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14 W. Criminology Rev. 6 (2013)
Victims as Stakeholders: Research from a Juvenile Court on the Changing Roles of Victims in Restorative Justice

handle is hein.journals/wescrim14 and id is 10 raw text is: Online citation: Wood, William R. 2013. Victims as Stakeholders: Research from a Juvenile
Court on the Changing Roles of Victims in Restorative Justice. Western Criminology Review
14(1): 6-24. (http://wcr.sonoma.edu/vl4nl/Wood.pdf).

Victims as Stakeholders: Research from a Juvenile Court on the
Changing Roles of Victims in Restorative Justice
William R. Wood
Griffith University
Abstract: This research analyzes changes made by a juvenile court over five years toward the progressive inclusion of
victims as stakeholders within the implementation and development of restorative justice practices. Beginning in 1999,
the Clark County Juvenile Court (CCJC) in Washington State introduced a Victim Offender Mediation (VOM) program.
Subsequently, the court altered diversion and probation practices in ways that provided several significant services to
victims, and afforded victims increased decision-making capacity. In doing so, the court also amended how offenders
fulfilled their diversion or probation requirements at the court, particularly in relation to its use of VOMs. This research
follows the initial inclusion ofvictims as stakeholders within the use of VOMs beginning in 1999, and explicates how and
where these stakeholder roles were amended over time until 2005, when the court had largely finalized the structure of
victim involvement and participation. The ensuing discussion describes the rationale for the court's changes, and the
effects of these changes on how victims were able to participate and make decisions in both diversion and probation cases.
The paper concludes by discussing the implications of these changes as they involve the role of victims as stakeholders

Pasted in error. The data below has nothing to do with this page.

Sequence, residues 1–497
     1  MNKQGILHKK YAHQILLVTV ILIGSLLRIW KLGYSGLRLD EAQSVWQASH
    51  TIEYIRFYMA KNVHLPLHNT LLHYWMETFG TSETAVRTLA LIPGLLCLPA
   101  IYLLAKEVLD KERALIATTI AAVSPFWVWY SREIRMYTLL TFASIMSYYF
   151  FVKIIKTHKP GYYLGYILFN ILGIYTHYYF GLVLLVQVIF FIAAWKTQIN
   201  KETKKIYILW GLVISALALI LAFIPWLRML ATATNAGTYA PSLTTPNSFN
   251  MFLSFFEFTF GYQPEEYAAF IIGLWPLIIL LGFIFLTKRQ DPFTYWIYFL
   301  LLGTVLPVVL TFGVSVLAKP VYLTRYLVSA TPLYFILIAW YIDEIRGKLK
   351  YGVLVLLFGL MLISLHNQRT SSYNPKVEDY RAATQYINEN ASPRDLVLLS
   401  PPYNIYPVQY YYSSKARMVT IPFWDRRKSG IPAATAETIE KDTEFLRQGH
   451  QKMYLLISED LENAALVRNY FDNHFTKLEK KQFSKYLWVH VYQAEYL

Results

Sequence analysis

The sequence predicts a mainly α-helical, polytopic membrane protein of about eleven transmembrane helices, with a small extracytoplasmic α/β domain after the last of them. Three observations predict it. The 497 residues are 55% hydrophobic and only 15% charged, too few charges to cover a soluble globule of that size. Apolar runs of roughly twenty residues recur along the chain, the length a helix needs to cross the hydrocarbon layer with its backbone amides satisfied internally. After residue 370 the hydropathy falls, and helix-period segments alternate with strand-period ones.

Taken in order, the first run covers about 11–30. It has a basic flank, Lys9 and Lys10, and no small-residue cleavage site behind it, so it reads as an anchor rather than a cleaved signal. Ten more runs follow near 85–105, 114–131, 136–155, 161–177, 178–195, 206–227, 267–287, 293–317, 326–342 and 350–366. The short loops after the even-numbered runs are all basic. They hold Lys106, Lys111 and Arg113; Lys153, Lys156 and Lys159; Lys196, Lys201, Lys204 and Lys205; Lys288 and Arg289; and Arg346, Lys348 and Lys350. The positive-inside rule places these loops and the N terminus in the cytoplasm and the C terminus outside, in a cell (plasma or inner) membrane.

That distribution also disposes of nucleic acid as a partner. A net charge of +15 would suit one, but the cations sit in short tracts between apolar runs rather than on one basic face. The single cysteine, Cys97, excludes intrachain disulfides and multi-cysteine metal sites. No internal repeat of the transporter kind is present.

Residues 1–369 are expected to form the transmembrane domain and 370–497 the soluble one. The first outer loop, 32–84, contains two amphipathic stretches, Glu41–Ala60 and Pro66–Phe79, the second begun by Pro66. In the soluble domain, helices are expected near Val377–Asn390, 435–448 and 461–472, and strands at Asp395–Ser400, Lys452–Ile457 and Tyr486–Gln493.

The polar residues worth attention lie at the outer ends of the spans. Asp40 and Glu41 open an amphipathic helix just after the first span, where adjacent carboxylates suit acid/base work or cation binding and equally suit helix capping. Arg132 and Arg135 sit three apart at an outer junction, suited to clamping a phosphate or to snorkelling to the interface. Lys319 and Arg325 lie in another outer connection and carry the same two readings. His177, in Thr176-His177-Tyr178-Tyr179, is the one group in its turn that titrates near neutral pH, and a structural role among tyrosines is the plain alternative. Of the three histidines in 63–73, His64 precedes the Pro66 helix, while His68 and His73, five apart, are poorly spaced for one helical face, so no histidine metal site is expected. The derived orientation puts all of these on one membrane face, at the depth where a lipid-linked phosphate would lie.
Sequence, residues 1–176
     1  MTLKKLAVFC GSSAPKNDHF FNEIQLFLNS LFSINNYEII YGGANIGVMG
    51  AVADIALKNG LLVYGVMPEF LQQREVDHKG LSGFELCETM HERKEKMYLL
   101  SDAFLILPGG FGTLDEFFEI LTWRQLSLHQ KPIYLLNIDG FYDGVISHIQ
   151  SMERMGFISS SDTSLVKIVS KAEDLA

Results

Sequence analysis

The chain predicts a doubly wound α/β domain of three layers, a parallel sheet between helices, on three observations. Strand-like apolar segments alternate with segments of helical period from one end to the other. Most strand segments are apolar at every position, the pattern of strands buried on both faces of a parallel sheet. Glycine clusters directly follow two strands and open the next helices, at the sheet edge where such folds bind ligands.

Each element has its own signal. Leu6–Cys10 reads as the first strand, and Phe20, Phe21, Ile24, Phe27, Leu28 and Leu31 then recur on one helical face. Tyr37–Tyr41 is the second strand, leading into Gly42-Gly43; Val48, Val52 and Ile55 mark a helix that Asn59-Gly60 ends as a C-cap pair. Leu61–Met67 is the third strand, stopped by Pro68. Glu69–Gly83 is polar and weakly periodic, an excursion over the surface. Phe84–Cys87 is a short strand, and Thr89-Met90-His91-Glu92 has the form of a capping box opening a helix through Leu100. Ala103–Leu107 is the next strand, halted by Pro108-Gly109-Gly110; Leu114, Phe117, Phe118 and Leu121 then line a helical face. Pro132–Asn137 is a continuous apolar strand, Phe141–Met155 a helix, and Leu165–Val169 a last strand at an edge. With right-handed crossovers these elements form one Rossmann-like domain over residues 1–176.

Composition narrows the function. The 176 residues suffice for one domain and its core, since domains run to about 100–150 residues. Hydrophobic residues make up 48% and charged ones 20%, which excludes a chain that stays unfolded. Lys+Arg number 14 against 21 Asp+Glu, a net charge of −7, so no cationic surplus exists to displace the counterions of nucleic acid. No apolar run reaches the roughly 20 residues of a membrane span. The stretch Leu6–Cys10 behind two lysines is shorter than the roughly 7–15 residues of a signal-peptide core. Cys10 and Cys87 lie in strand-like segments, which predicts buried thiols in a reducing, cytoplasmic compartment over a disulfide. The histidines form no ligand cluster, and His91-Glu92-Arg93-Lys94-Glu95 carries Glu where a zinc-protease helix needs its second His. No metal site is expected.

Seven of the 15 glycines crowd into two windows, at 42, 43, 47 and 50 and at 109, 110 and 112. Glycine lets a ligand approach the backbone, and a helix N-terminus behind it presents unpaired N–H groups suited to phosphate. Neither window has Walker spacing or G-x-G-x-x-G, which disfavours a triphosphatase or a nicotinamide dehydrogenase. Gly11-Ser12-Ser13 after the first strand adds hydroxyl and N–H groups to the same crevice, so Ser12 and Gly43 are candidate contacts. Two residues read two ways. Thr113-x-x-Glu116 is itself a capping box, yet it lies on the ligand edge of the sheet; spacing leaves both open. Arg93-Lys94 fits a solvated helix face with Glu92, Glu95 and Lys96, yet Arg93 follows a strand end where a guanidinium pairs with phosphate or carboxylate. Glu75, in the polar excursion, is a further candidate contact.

within restorative justice as used in formal justice settings, and in particular the possible limits of such roles when enacted
through justice agencies such as juvenile courts.
Keywords: juvenile justice, restorative justice, stakeholders, victims

The term stakeholder is often used within
restorative justice to both identify and legitimate the
inclusion of victims into specific restorative interventions
and justice processes (c.f. McCold and Watchel 2003;
Schiff 2007; Zehr and Mika 1998). The questions of who
or what constitute stakeholders, and exactly how victims
should and can be involved as stakeholders, however,
are more oblique within restorative justice (Ashworth
2002; Bazemore and Leip 2000; Miers 2001; Van Ness
1993).  Empirical  research  on   restorative  justice
interventions that involve victims as stakeholders is
widespread (Bradshaw and Umbreit 1998; Coates and
Gehm 1989; Griffiths 1999; Mika et al. 2004; Umbreit
1998; Umbreit, Coates, and Vos 2002), as is literature that

looks more directly at the theoretical implications of
involving victims as stakeholders (McCold 2000; Schiff
2007; Zehr and Mika 1998). Among practitioners, there is
consensus that victims should be able to meet and address
their offenders and should be entitled to the benefits of
restitution or other remunerations.. There is decidedly less
empirical research in restorative justice on how victims
become stakeholders, what this entails in terms of the
agency and decision-making abilities of victims, the
relationship between victims and justice agencies, and the
auspices under which victims are able to act as
stakeholders. Thus, if victims are indeed stakeholders
within restorative approaches to justice, they are not all
stakeholders in the same way or to the same extent across
differing restorative interventions, programs, jurisdictions,
and agencies.



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